How to clean red wine from carpet

Domestic dirt

Ah, the age-old dilemma: you’re having a wonderful evening with friends and family, and suddenly, a glass of red wine spills onto your pristine carpet. Panic ensues, but fear not! You don’t need a magic wand to remove that unsightly stain. In fact, two household items might just save the day. Before we dive into these quick fixes, let’s get our essentials ready.

What You’ll Need:

  1. White wine
  2. Hydrogen peroxide (3% solution is most common)
  3. Clean white cloth or paper towels
  4. Cold water
  5. A clean, empty spray bottle
  6. Mild dishwashing liquid
  7. A clean sponge

Method 1: The White Wine Technique

You might think it’s strange, but white wine can actually neutralize the red wine stain.

Attention!!! Do not use this method to remove red wine stains from white carpets – yellow stains may appear!

Here’s how:

  1. Blot, Don’t Rub: Using a white cloth or paper towels, gently blot up as much of the red wine as possible. Avoid rubbing, as this can push the wine further into the carpet fibers.
  2. Pour a Bit of White: Gently pour a little white wine over the red wine stain. This helps to neutralize the stain.
  3. Blot Again: Gently blot up the liquid, drawing out the stain.
  4. Rinse: Dampen a clean cloth with cold water and gently blot the area to remove any remaining wine residue.

Method 2: Hydrogen Peroxide Technique

For those tougher stains, hydrogen peroxide comes to the rescue. Hydrogen peroxide diluted with water is suitable for cleaning white carpets. It has bleaching properties and discolors the red pigment of wine.

Attention!!! Avoid getting peroxide on colored elements and do not treat colored carpets with it – the dye will be discolored and a white stain will appear!

  1. Safety First: Test a small, hidden area of your carpet first to ensure the hydrogen peroxide doesn’t bleach or discolor it.
  2. Apply: Mix equal parts hydrogen peroxide and cold water in a spray bottle. Spray the solution directly onto the wine stain.
  3. Wait: Allow it to sit for a couple of minutes.
  4. Blot Away: Use a clean cloth or paper towels to blot up the solution and stain.
  5. Finish Up: Mix a few drops of mild dishwashing liquid with cold water. Dampen a clean sponge with the mixture and gently blot the area to remove any remaining residue.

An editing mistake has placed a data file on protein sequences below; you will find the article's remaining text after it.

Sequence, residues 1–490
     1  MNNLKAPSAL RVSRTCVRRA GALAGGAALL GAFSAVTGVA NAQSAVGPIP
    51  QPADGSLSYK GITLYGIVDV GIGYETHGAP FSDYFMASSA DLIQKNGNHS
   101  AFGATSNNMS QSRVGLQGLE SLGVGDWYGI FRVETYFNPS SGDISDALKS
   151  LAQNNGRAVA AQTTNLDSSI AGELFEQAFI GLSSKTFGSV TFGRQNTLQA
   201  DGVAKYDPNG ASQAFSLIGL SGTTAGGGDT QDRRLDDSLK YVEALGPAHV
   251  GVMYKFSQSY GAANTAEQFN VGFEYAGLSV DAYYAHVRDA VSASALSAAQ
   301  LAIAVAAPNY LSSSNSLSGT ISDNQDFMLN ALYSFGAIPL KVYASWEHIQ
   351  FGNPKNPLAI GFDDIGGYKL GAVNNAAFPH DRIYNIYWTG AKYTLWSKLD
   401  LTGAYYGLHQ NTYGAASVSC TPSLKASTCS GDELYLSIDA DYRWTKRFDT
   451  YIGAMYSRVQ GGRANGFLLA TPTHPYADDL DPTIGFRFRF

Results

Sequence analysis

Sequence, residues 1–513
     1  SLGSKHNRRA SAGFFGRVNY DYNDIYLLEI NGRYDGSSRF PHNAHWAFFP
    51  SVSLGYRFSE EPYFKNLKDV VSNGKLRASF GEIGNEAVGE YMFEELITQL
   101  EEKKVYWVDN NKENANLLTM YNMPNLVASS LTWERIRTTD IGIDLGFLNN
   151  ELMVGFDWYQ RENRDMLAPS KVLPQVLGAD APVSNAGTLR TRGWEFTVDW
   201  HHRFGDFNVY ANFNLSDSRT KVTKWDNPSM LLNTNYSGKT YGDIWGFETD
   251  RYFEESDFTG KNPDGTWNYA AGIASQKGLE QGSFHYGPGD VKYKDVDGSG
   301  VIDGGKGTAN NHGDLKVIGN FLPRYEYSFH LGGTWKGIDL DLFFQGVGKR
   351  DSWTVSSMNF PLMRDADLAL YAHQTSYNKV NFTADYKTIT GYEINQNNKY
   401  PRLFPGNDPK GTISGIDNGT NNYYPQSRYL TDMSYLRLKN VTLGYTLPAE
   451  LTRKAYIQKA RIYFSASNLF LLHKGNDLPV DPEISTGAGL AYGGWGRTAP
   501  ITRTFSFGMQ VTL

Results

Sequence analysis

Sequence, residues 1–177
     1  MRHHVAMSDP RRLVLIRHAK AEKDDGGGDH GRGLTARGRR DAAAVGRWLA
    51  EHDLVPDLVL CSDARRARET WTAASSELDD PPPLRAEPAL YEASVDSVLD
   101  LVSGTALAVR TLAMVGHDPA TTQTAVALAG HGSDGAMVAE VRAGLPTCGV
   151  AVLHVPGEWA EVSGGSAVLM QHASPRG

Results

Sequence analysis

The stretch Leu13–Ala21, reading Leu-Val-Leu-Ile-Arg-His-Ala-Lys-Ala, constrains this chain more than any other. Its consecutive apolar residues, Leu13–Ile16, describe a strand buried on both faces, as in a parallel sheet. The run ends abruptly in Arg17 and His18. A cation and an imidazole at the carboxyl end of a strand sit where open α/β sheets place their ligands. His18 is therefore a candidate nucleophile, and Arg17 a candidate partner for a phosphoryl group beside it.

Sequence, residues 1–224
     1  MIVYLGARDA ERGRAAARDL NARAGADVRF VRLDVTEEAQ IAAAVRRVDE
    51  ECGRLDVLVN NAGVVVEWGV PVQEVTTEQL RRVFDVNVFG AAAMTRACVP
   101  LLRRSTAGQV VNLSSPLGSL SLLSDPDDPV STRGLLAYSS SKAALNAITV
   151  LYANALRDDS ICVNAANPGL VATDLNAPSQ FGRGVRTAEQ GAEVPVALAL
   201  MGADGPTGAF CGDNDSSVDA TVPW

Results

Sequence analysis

What if the wine stain has already dried?

The older the stain, the harder it is to remove. This applies not only to wine stains, but also to any other stains. At the same time, an old stain is considered to be one that was not removed within the first 24 hours after its appearance. In the case of wine, to remove the stain, it first needs to be soaked.
You can often find advice on how to soak the stain with a solution of alcohol or glycerin. But we strongly recommend avoiding such actions! After all, soaking the stain implies its abundant wetting and rubbing. This means that there is a great risk that the carpet will suffer either from the abundance of moisture, or lint will form on the pile, or the pollution will be absorbed deeper. Therefore, it is better not to take risks and contact the experts at once!

  1. Wine Away Red Wine Stain Remover
  2. Gonzo Natural Magic Wine Out
  3. Chateau Spill Red Wine Stain Remover


Red wine on the carpet doesn’t have to be a disaster. With either white wine or hydrogen peroxide at hand, you’re equipped to tackle that stain head-on. Just remember to act quickly and blot rather than rub. Now, cheers to stain-free carpets!

Frequently Asked Questions
Can I use any type of white wine?
Preferably use dry white wines as they have higher acid content, making them more effective in neutralizing the red wine stain.
Is hydrogen peroxide safe for all carpet types?
Not always. Always do a patch test on a hidden part of your carpet first.
How quickly should I act after a spill?
Immediately! The quicker you act, the easier it will be to remove the stain.
Why shouldn't I rub the stain?
Rubbing can push the wine further into the carpet fibers, making it harder to remove.
Can I use salt to remove red wine stains?
Yes, salt can help absorb fresh wine spills but might not remove the stain entirely. It's best used in conjunction with other cleaning methods.
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